I think they are not distinguishable from each other without a context. As the gender of the possessive adjective agrees with the gender of the noun rather than the gender of the one who possesses it.
Yes, rosa would have sounded like rOsa with the sound O. But rossa would not
I am still confusing sua and tua because in portuguese(my first laguage) they mean the same thing :/
Yeah, me too. This will be a problem for a long time hahahaha I just answered "Your shirt is red".
Not all possible answers are in the database. I suggest to report your answers even when you're not entirely sure whether they're correct or not, then ask in the sentence discussion, someone will eventually clarify whether it is correct or not.
I have heard that the moderators can be overwhelmed with responses, which slows the process of change. This makes sense because there are only a handful of moderators for each language and SO MANY users. I would suggest, instead, please VERIFY your answer is correct BEFORE reporting. This may save some frustration for a lot of people. And the less we frustrate the people who create and run the program, the better the program will be in the end. I look forward to constructive suggestions.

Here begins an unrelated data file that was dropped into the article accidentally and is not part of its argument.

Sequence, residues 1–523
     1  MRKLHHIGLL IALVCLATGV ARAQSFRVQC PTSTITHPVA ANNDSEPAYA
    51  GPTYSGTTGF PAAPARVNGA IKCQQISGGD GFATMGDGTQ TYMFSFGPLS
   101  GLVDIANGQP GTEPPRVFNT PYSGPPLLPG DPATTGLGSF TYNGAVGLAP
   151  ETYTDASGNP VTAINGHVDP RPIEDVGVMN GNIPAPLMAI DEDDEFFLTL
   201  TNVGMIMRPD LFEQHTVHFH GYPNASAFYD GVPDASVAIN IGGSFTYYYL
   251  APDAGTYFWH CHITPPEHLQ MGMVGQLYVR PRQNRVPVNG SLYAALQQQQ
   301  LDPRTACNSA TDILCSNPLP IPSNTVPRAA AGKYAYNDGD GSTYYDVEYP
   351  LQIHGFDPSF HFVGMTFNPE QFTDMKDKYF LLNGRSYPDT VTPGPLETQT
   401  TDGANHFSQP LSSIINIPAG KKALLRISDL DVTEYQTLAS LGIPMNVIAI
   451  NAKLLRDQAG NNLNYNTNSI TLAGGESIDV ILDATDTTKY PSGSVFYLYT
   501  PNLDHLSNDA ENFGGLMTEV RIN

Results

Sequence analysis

Why is "La" used? I am confused. The translation is "she", not " the she".
It's used with possessives. If you look at duo's notes section online, you will find a lot of good information. I'm sorry, I'm too much of an amateur to be comfortable explaining it, but I'm happy to help point you in the right direction.
I uave no idea still how to distinguish between red and pink. I listened to this sentence 3times, still got it wrong.